Nirmal comes home sick from Morichjhãpi, struck by Kusum's insight. He spends days experiencing visions and reading Rilke. Nilima is angry with Horen, but gentler with Nirmal. She does ask if the rumors are true that he's involved with Kusum, which Nirmal denies. Nilima asks Nirmal to help Kusum by bringing her to Lusibari to work for the Trust, but Nirmal doesn't say that he doesn't think he can do anything of worth for the Trust. On Morichjhãpi, however, he knows he can do something.
Despite Nirmal's insistence that he couldn't be of use to the Trust, it's worth noting that in spite of his habit of getting bogged down in theory, he clearly has a lot to offer the Trust—if only he'd compromise and accept that the theories he loves so much won't be able to be implemented in full. This then shows Nirmal actively turning away from a life of action.
One afternoon when Nirmal is feeling better, he starts to go downstairs but stops when he hears Nilima talking with the doctor. They discuss Morichjhãpi and Nirmal's interest in the island, and decide it's best to sedate Nirmal and not tell him that there's going to be an attack on Morichjhãpi. Nirmal packs a bag and sneaks out to go find Horen. Horen has more information—the government has bused in criminals and gangsters to attack Morichjhãpi. They decide to try to make it to Morichjhãpi that night. Horen skillfully avoids police boats and steers his boat into the mud on Morichjhãpi.
Though Nirmal's narration mostly treats Horen as a means of transportation and a guide, it's worth considering why exactly Horen is so interested in going to Morichjhãpi in the first place. It could be that he's just as interested in the Marxist theory in play as Nirmal is, though it's also possible that he believes that his assistance is a way for him to make an impact on people even less fortunate than he is.
When Horen and Nirmal find Kusum, they find her happy and entirely unwilling to leave the island. She agrees to let Horen take Fokir away. Horen decides he'll leave the next night and is shocked when Nirmal announces that he's going to stay. He spends the next day filling this notebook and finally, runs out of time. Addressing Kanai directly, he suggests that maybe he'll know what to do with the notebook.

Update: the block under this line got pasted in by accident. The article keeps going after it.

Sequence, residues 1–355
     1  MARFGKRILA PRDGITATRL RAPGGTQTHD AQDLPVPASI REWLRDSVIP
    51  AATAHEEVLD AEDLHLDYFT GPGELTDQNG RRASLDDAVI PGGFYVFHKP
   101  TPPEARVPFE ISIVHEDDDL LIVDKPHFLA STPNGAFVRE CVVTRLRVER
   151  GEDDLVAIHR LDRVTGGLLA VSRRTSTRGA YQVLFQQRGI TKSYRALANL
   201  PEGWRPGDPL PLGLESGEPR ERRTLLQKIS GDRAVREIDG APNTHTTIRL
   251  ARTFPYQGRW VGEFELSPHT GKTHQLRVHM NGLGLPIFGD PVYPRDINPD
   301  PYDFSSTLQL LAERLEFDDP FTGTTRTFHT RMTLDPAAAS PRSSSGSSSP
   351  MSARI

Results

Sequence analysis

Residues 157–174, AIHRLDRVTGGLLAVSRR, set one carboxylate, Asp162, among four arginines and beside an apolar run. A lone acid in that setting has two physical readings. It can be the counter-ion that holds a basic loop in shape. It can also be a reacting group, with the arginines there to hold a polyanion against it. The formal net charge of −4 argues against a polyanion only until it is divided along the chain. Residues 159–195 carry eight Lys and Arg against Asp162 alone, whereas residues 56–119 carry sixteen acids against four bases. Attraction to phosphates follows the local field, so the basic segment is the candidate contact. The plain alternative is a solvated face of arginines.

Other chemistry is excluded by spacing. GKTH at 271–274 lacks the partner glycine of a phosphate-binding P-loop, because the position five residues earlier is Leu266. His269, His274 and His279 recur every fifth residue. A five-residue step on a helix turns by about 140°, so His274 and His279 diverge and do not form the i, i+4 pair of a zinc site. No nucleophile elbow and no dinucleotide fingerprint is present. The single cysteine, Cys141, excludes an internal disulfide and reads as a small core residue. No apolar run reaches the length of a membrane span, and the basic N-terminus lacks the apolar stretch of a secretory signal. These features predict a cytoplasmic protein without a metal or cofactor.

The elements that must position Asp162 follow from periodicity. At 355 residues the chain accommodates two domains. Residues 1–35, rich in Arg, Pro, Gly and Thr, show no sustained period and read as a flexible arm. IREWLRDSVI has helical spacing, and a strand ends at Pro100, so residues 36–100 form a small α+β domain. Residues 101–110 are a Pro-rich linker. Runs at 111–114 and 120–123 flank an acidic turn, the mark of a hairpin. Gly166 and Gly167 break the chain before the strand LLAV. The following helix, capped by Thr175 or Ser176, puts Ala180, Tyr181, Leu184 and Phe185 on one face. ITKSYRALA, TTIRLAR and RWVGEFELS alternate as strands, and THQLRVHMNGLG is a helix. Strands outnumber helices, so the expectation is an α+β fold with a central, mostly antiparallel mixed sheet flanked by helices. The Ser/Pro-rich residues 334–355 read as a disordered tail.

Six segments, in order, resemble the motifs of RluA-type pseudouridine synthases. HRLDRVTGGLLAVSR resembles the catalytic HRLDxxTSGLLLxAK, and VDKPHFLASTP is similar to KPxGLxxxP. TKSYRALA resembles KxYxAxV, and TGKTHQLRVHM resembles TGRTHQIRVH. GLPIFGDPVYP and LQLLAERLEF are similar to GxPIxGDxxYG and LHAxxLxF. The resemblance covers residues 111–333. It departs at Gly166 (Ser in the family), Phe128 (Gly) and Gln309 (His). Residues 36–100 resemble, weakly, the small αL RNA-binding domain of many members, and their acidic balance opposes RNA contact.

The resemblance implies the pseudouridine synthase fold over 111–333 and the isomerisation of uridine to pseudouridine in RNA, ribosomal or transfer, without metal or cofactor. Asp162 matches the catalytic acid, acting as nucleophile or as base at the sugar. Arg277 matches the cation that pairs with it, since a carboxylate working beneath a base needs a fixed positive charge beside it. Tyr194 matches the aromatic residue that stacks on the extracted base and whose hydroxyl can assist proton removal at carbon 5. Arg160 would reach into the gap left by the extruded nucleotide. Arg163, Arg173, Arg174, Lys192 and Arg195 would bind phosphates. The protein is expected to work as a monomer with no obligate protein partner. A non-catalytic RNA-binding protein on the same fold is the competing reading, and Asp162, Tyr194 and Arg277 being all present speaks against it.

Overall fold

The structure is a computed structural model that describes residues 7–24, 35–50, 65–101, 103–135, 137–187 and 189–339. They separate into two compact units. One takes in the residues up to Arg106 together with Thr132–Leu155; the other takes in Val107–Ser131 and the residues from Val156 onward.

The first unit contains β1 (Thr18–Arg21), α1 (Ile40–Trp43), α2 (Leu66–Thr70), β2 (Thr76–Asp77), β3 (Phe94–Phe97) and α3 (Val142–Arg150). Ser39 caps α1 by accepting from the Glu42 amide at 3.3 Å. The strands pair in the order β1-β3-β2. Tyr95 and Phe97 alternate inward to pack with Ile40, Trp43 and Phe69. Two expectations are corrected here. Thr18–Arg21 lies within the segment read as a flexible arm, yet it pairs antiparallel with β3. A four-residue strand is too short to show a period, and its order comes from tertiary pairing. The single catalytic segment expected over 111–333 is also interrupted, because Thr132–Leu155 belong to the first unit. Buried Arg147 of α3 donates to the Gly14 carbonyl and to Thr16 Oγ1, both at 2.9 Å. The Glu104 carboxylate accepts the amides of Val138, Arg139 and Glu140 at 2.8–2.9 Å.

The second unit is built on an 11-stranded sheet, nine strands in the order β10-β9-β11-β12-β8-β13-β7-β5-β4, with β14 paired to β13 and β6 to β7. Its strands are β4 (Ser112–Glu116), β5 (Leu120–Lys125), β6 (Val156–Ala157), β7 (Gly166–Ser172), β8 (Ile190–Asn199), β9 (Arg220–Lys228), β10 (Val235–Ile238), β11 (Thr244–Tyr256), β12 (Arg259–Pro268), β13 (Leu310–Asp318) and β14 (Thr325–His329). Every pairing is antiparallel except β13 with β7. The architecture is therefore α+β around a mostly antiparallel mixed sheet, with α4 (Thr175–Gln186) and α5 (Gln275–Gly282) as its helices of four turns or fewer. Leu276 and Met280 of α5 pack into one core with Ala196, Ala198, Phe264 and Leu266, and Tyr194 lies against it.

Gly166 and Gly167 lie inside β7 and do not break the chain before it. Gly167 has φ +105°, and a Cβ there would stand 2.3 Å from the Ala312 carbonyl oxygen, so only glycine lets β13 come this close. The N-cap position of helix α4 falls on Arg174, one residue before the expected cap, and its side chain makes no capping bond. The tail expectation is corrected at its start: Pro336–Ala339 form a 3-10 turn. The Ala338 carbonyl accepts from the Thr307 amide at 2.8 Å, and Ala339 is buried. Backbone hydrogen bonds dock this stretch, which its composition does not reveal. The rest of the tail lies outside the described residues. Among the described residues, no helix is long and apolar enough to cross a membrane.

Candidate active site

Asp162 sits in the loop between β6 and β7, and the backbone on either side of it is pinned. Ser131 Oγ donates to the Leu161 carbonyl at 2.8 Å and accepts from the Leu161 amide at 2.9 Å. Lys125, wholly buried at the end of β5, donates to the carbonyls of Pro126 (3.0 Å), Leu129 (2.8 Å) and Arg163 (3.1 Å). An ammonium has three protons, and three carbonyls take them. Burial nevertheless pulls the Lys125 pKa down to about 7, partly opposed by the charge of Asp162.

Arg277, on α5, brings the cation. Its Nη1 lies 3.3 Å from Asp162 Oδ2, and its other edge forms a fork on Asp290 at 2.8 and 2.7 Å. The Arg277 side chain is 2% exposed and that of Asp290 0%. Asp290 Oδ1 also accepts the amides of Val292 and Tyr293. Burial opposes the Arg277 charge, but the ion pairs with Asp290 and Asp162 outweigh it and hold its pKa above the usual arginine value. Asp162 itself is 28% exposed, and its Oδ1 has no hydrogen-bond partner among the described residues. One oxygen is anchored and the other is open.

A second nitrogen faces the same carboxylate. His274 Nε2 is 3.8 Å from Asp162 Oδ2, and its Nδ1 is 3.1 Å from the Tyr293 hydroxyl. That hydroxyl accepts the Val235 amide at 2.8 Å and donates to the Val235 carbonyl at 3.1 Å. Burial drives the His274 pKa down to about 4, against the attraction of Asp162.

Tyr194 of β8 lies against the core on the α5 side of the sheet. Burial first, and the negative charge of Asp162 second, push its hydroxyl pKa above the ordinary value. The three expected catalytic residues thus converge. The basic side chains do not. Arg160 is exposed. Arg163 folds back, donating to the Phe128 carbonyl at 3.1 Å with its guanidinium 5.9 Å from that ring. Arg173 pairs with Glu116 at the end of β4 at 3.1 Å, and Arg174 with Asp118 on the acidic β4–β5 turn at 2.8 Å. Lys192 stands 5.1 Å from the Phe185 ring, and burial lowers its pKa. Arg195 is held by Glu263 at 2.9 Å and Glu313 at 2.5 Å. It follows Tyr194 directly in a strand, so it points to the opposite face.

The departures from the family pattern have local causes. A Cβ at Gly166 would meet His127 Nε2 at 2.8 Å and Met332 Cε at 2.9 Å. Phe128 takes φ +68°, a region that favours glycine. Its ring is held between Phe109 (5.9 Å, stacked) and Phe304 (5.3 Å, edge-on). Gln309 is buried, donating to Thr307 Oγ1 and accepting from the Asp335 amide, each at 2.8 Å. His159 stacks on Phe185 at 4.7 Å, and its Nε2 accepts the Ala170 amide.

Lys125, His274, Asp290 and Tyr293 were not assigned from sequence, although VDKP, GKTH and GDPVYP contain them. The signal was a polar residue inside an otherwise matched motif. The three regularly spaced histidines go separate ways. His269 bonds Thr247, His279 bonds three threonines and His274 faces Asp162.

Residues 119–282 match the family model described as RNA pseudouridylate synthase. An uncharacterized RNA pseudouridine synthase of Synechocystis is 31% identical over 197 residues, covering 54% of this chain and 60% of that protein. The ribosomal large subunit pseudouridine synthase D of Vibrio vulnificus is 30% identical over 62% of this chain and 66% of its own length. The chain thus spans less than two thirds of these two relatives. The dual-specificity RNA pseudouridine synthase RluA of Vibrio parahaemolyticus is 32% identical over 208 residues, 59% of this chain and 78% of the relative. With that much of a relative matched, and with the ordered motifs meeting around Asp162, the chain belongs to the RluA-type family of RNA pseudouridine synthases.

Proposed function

Kusum's unwillingness to leave suggests that she took some of Nirmal's love of theory to heart and was willing to die for the principle of what she was doing. The novel, however, overwhelmingly suggests that this kind of action is less valuable than other kinds, given that nobody even knows what happened or will talk about it.
Kanai's hands are shaking when he finishes. He finds Horen sitting outside and sits down with him. When Kanai mentions finishing the notebook, Horen matter-of-factly says that he should've left Morichjhãpi with Fokir earlier. He explains that what happened next is just rumors: the gangsters burned dwellings, sank boats, and did unimaginable things. Kusum was possibly taken away with a group of women, raped, and then thrown into the river. Nirmal was put on a bus to central India, but he was presumably let off in Canning. When Kanai asks why Nirmal was so interested in Morichjhãpi, Horen says that Nirmal was a bit mad. He brushes Kanai off when he asks if Nirmal was in love with Kusum.
Again, even though Nirmal's notebook recorded much of what happened in the lead-up to the massacre, it's clear that she was one of many faceless individuals who were killed to make a point about the power of the government. Remember too that the government clearly prioritized Morichjhãpi's use as a nature reserve over its use as a refuge for poor settlers, which shows again how the world's poor are often the ones to suffer the consequences of conservation efforts.